If you are interested in blogging or want to promote your book, please contact E. B. Davis at email@example.com
Our May author interviews: Marla Cooper-5/3, Rhys Bowen-5/10, Cindy Brown-5/17, Martha Reed-5/24, Sherry Harris--5/31.
Saturday Guest Bloggers in May--Paty Jager-5/6 and Maren Anderson-5/13. WWK Saturday bloggers write on 5/20--Margaret S. Hamilton and on 5/27--Kait Carson. E. B. Davis blogs this month on 5/30.
“May 16, 2017 – The Women’s Fiction Writers Association (WFWA) today announced the finalists of the second annual Star Award, given to authors of published women’s fiction. Six finalists were chosen in two categories, General and Outstanding Debut. The winners of the Star Award will be announced at the WFWA Retreat in Albuquerque, New Mexico on September 23, 2017.”
In the general category, WWK’s Carla Damron was one of three finalist for her novel, The Stone Necklace. Go to Carladamron.com for more information. Congratulations, Carla!
Congratulations to our writers for the following publications:
Warren Bull's new Lincoln mystery, Abraham Lincoln In Court & Campaign has been released. Look for the Kindle version on February 3.
Shari Randall's "Pets" will be included in Chesapeake Crimes: Fur, Feathers, and Felonies anthology, which will be published in 2018. In the same anthology "Rasputin," KM Rockwood's short story, will also be published. Her short story "Goldie" will be published in the Busted anthology, which will be released by Level Best Books on April 25th.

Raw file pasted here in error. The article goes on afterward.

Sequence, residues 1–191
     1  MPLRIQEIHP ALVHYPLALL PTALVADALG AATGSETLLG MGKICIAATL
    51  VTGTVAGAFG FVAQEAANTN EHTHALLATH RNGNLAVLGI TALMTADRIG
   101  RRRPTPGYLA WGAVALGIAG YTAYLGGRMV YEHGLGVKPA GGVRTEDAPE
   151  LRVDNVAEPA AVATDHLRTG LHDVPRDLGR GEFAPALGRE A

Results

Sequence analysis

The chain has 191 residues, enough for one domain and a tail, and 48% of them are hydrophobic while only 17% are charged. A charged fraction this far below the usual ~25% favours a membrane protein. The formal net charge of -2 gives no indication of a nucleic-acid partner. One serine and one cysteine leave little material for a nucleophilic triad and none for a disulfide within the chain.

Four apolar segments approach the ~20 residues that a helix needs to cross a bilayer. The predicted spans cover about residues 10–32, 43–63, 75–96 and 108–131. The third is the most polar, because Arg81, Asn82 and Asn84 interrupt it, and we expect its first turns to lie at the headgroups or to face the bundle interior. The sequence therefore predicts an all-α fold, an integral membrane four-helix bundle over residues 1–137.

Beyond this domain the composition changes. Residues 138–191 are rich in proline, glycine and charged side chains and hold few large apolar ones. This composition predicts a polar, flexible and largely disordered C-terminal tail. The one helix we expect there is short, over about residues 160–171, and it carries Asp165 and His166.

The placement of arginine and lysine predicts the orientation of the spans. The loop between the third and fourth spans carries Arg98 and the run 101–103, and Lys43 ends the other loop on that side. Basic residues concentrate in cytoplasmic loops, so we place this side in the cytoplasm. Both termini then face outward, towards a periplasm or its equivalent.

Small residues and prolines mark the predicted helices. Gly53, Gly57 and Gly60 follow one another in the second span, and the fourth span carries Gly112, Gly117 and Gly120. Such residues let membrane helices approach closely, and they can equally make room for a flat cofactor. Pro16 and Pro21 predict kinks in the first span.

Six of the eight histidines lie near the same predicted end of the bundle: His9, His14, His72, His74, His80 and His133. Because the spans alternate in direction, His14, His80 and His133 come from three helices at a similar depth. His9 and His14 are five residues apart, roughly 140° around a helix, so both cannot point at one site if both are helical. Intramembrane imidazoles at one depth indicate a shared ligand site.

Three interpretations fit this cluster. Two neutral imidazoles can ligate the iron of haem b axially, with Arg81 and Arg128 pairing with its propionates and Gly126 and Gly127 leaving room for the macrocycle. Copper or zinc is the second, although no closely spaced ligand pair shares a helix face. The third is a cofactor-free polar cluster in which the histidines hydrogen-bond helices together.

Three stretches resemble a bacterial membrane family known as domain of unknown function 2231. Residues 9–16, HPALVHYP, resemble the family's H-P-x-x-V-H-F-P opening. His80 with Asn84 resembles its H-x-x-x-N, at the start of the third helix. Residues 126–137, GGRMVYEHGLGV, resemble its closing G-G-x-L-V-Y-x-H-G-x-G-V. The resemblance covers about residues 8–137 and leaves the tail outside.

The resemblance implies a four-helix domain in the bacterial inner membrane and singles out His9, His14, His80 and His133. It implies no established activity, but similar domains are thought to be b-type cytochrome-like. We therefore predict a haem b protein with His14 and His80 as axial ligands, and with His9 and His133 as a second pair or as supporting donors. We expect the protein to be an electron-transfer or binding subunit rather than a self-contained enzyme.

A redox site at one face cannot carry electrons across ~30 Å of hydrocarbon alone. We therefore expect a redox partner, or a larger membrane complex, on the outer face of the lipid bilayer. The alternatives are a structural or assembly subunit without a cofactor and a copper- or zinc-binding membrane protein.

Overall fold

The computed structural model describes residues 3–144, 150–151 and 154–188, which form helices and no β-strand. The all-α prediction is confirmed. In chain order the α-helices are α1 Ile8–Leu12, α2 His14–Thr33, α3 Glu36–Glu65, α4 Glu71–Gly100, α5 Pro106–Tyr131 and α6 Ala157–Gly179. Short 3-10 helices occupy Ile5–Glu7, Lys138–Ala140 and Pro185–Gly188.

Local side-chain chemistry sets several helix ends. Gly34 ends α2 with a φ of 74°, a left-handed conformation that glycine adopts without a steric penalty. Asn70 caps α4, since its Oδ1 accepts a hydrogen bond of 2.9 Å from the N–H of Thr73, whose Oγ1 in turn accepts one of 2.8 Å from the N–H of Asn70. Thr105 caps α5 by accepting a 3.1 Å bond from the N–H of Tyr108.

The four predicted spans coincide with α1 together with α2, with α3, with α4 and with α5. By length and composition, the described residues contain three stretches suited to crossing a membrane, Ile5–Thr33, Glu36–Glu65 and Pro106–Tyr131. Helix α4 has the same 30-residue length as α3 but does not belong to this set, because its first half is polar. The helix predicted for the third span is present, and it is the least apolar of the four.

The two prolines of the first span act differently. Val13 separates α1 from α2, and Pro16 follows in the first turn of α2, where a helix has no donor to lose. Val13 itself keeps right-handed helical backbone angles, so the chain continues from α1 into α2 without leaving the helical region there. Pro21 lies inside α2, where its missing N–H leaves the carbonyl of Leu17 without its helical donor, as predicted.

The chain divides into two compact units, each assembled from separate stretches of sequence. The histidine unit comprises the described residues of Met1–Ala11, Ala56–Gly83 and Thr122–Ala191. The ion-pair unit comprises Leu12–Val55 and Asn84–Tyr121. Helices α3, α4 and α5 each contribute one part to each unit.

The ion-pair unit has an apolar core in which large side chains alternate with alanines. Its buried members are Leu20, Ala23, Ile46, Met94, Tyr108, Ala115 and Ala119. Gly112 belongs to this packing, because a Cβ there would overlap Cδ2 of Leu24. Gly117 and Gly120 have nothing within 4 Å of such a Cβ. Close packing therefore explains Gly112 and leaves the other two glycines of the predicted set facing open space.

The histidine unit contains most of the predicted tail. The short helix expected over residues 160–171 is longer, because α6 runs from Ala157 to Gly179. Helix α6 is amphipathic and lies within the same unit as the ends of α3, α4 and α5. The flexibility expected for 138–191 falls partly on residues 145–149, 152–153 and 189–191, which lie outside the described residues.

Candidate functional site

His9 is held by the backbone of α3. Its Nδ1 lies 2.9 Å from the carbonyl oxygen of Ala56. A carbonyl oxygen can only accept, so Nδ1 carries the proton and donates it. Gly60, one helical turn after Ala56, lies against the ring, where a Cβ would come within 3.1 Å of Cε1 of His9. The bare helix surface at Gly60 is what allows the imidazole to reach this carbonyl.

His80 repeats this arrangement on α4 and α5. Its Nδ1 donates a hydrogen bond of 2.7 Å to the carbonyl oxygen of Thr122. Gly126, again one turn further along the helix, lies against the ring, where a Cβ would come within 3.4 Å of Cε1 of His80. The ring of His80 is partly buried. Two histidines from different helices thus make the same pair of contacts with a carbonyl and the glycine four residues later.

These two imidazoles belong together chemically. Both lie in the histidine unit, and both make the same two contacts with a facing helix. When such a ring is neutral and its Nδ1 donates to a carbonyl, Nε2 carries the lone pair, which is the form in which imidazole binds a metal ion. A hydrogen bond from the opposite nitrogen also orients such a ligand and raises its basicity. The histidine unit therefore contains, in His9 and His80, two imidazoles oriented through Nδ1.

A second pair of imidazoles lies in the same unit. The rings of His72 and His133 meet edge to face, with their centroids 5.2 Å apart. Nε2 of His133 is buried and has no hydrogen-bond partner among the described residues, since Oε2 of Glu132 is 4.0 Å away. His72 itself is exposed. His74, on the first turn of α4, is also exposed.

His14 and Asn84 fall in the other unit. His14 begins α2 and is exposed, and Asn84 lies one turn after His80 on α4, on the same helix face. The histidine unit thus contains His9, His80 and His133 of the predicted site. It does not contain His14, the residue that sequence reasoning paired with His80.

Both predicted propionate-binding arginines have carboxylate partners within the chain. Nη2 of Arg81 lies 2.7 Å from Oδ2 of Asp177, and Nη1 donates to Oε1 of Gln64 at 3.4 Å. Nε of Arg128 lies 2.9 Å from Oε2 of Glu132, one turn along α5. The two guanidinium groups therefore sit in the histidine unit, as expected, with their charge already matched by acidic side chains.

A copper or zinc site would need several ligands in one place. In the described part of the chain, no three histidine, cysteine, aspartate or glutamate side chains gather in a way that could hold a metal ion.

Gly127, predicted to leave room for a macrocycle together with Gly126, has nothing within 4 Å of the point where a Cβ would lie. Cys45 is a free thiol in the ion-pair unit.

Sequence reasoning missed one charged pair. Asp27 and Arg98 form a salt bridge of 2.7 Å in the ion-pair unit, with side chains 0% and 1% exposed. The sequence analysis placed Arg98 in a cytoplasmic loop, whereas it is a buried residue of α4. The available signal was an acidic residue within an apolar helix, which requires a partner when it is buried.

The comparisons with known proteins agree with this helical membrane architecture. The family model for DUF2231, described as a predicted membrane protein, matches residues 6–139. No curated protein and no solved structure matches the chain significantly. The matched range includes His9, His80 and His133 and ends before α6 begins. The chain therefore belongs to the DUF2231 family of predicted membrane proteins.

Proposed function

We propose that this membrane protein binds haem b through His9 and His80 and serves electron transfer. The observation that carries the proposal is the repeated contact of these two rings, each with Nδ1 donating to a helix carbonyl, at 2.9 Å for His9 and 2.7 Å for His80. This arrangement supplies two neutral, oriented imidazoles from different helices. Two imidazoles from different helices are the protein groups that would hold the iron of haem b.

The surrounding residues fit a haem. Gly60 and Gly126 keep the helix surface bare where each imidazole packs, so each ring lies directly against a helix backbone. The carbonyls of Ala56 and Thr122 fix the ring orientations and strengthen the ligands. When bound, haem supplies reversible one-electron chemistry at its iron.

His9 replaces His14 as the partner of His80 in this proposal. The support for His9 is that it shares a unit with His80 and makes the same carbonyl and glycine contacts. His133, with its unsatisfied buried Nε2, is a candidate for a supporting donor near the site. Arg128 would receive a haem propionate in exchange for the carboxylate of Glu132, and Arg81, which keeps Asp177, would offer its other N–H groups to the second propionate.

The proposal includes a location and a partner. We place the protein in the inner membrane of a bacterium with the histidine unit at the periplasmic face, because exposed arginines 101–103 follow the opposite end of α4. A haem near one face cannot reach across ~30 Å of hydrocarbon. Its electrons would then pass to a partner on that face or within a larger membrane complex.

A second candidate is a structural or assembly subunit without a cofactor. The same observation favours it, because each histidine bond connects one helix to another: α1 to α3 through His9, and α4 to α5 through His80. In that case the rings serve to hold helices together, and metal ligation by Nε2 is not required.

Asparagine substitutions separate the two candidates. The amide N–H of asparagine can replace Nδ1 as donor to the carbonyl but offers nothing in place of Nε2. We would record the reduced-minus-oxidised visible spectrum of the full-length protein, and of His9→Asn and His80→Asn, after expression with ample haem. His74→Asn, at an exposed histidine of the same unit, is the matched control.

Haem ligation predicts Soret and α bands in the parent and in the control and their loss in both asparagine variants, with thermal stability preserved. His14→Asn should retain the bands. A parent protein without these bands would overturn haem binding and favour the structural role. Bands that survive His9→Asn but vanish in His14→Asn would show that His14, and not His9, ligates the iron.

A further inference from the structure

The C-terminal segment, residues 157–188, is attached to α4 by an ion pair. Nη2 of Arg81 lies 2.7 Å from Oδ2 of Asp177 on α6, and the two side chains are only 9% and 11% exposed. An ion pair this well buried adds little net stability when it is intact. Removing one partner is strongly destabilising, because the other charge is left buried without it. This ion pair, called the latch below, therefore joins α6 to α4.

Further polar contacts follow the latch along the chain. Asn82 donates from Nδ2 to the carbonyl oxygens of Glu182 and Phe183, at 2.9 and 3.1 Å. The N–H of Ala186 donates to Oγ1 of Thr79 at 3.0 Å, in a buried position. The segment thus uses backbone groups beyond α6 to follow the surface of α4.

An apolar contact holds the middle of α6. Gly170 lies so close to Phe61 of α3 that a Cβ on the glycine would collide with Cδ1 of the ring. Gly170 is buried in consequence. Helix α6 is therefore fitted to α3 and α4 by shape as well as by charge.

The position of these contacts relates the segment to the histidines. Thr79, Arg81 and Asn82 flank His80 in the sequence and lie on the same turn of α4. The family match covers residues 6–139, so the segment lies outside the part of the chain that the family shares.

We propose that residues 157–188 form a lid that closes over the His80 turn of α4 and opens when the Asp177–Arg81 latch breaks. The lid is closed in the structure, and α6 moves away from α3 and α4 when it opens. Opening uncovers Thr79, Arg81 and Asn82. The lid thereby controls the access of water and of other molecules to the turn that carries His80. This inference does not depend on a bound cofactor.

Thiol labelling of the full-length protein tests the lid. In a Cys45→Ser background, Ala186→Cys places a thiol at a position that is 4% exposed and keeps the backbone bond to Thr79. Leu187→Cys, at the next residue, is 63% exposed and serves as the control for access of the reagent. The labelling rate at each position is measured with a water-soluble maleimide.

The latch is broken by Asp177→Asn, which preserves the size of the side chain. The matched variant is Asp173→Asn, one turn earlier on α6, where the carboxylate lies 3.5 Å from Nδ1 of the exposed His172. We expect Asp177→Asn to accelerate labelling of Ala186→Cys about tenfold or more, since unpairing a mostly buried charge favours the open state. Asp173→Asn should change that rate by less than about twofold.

In addition, our prolific KM will have the following shorts published as well: "Sight Unseen" in Fish Out of Water, Guppie (SinC) anthology, just released, and "Making Tracks" in Passport to Murder, Bouchercon anthology, October 2017.
Margaret S. Hamilton's short story, "Once a Kappa" was published as a finalist in the Southern Writer's Magazine annual short story contest issue. Mysterical-E published her "Double Crust Corpse" in the Fall 2016 issue. "Baby Killer" will appear in the 2017 solar eclipse anthology Day of the Dark to be published this summer prior to the eclipse in August.
Linda Rodriquez has two pending book publications. Plotting the Character-Driven Novel will be released by Scapegoat Press on November 29th. Every Family Doubt, the fourth Skeet Bannion mystery, is scheduled for release on October, 18, 2017. Look for the interview by E. B. Davis here on that date!
Friday, September 17, 2010
What Just Happened?
I had half a blog post written about Author Intrusion (see next week) when an intriguing comment on Facebook gave me pause. Do readers want story endings all wrapped up, or do they like endings to be left hanging and/or open to interpretation?
I know what I like. I like endings that are open, that make the reader sit up and say, “What just happened?” But I know that just as many readers get to an ending like that and want to throw the book against the wall.
I have a vested interest in this question. A few months ago, I wrote a short story that ended in a way that left much of the story up for interpretation. In it, a woman who just ended a romantic relationship makes a discovery that is disturbing and frightening. She’s not sure if she, in particular, was meant to find this thing; if it was meant for someone else; if it was a totally random occurrence. She does what she thinks is right—reports it to the police—but their reaction is strange. To make it extra fun, I wrote her as someone a bit unstable, so maybe she’s not the most reliable narrator.